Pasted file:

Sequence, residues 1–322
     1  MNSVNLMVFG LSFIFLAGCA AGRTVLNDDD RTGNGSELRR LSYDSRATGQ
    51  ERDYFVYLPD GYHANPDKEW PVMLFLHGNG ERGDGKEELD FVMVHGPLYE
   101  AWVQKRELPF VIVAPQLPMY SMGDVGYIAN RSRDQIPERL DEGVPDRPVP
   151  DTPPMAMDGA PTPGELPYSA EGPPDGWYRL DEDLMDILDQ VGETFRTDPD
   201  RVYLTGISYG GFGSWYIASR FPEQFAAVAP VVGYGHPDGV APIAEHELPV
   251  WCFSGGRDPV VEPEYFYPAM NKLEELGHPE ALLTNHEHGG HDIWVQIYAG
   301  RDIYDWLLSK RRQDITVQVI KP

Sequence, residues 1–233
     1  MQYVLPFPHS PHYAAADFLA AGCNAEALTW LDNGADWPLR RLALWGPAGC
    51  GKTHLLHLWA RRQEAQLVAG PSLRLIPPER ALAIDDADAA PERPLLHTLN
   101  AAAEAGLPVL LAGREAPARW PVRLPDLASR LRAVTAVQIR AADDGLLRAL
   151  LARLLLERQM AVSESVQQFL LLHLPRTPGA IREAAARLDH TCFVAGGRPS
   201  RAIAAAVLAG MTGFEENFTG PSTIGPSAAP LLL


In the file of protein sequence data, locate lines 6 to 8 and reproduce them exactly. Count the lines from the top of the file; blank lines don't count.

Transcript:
   201  RVYLTGISYG GFGSWYIASR FPEQFAAVAP VVGYGHPDGV APIAEHELPV
   251  WCFSGGRDPV VEPEYFYPAM NKLEELGHPE ALLTNHEHGG HDIWVQIYAG
   301  RDIYDWLLSK RRQDITVQVI KP